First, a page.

Printer Sharing driver install question

By Dan64456
Jan 24, 2008
  1. On my home network, I have a netgear wireless router... (we also use the wired part of it for some PC's)

    In the past, I shared out an epson printer from the computer thats always turned on, and on the PC's that we install the shared printer on, it downloads and installs the driver. I've noticed at work, when we install printers that are shared out from the server, it doesn't have to install the driver on the PC.

    Is there a way to do this in XP? (Make it not have to install the driver on everyones machine) Or is this some kind of different service that the server runs and I would need a server OS to do this?

    Thanks all...
  2. jobeard

    jobeard TS Ambassador Posts: 9,158   +599

    At work, the shared printer is likely on the server but under the table, the drivers ARE being loaded to all PCs.
  3. Dan64456

    Dan64456 TS Rookie Topic Starter

    Nope, they are definitely not being installed, because none of the PC's have local administrator rights, so it wouldn't let them install anything if they tried.
  4. jobeard

    jobeard TS Ambassador Posts: 9,158   +599

    if the $C or $IPC shares exist, then they can be installed.

    this is a very common setup for systems admin on a domain controller environment.
  5. Dan64456

    Dan64456 TS Rookie Topic Starter

    Ok, but here’s why I'm still not sold...:

    I'm linked to a Canon IR6020 shared from my server.

    I don't see that printer anywhere in my driver lists when I search for it (as if I was going to install it locally thru the TCP/IP port instead...)

    Also when I DO install it via the TCP/IP port as opposed to the network share, it takes a good 45 seconds to copy the drivers over.

    When I double click the share, I can print to it almost instantaneously as if it had nothing to install.
  6. jobeard

    jobeard TS Ambassador Posts: 9,158   +599

    correction: the shares are C$ and IPC$
    C:\Documents and Settings\Jeff>net share

    Share name Resource Remark

    print$ C:\WINDOWS\system32\spool\drivers
    Printer Drivers
    C$ C:\ Default share
    ADMIN$ C:\WINDOWS Remote Admin
    IPC$ Remote IPC

    Printer PDF995PORT Spooled PDF995
    Printer2 USB001 Spooled Canon-i860
    The command completed successfully.​

    from an admin/power user login, use a command prompt and run
    net share
  7. Dan64456

    Dan64456 TS Rookie Topic Starter

    I wonder if it has anything to do with the fact that the printers are installed as IP printers on the server and not connected directly to it?
  8. jobeard

    jobeard TS Ambassador Posts: 9,158   +599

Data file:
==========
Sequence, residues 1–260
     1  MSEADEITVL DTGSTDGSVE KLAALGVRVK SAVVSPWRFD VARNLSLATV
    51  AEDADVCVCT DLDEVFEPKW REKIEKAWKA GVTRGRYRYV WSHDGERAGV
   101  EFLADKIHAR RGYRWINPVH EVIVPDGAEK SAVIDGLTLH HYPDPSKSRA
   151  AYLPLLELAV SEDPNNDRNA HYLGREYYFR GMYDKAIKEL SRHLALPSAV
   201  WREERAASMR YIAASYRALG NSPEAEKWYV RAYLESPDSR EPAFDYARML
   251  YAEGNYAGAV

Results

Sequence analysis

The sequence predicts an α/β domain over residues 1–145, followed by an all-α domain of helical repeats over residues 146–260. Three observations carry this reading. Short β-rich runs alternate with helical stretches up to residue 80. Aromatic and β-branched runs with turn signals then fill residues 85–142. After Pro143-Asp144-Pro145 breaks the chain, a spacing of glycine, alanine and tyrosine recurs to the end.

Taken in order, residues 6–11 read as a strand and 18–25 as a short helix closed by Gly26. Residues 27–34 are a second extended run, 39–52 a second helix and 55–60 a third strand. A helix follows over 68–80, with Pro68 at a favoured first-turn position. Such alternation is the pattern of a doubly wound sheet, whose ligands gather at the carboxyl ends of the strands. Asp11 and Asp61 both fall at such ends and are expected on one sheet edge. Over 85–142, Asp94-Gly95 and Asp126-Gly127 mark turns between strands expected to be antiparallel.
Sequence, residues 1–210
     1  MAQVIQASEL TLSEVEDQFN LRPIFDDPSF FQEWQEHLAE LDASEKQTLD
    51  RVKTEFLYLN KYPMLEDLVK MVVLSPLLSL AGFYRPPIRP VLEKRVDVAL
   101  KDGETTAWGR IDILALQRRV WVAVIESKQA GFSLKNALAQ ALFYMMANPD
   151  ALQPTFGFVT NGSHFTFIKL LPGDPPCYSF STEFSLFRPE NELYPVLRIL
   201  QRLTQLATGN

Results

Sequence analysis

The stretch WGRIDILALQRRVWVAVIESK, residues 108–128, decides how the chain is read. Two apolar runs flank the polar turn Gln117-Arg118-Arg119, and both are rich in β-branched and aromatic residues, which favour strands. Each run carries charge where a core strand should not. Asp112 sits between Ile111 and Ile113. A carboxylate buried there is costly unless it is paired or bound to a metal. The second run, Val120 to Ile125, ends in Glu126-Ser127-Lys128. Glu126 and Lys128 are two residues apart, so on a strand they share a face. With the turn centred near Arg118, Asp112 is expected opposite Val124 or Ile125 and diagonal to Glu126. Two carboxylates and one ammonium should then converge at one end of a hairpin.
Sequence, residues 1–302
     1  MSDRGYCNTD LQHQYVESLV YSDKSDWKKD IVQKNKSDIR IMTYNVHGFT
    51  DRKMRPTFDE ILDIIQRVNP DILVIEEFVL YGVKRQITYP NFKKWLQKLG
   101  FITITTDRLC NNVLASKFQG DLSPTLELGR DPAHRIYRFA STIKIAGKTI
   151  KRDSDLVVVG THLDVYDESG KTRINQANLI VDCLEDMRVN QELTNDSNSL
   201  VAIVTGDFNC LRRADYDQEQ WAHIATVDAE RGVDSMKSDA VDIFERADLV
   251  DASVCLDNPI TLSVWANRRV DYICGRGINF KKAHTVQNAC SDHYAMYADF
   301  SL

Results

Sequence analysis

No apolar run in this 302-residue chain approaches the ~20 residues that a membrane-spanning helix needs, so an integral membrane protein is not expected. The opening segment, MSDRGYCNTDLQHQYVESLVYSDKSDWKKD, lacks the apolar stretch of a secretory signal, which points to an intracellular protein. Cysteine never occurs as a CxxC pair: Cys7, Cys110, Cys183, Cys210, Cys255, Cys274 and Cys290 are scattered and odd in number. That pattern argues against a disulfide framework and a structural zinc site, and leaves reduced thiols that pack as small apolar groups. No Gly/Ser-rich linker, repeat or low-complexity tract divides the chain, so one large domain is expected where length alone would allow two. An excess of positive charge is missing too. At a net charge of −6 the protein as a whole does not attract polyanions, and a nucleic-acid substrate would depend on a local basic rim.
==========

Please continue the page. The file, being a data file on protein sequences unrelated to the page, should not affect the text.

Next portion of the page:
the drivers are major requirements for sending data to a printer.
    for example, Postscript output vs HP PCL.

    there are generic drivers for both of these, but then you loose the features
    specific to each brand/model.

    For example, printing from my XP to a printer on a Mac, I loose the ability to
    print specific forms eg: envelops. The color vs b&w options do work.

    with the common shares, the server-admin can push updates to the client
    systems during the evening shift when we're all (hopefully) home with the w/kids having dinner :)
  9. Dan64456

    Dan64456 TS Rookie Topic Starter

    But why wouldn't it be able to just send the job to the "print server" and have the print server do all of the driver work?

    I just installed the Canon in our office locally on my PC using the IP port, and shared it out... I had my co worker connect to it from the share on my PC. Sure enough it didn't install any drivers; it just "Connected" to it. Almost like a drive mapping.

    I am thinking that if the printer is connected to the computer via USB or Parallel, then it needs to push the drivers out to people, but if it’s an IP printer shared out from that PC, than it does not. Does this sound plausible?
  10. jobeard

    jobeard TS Ambassador Posts: 9,158   +599

    that's what everyone would like. experience has shown otherwise
    that certainly is interesting. one explanation might be that the driver was already installed on that system.
    Modern systems have been shipped with preinstalled (or available) drivers and thus avoid the 'install step'.
    Every time I help someone (locally) to install a network printer, the drivers
    have needed to be configured on ALL systems (eg HP printers).
    already answered.

    the bottom line is
    1- selecting the printer (local or remote) and
    2- formatting the output for that device
    3- spooling / printing on the hardware​
    If all is working for you, then S M I L E :)
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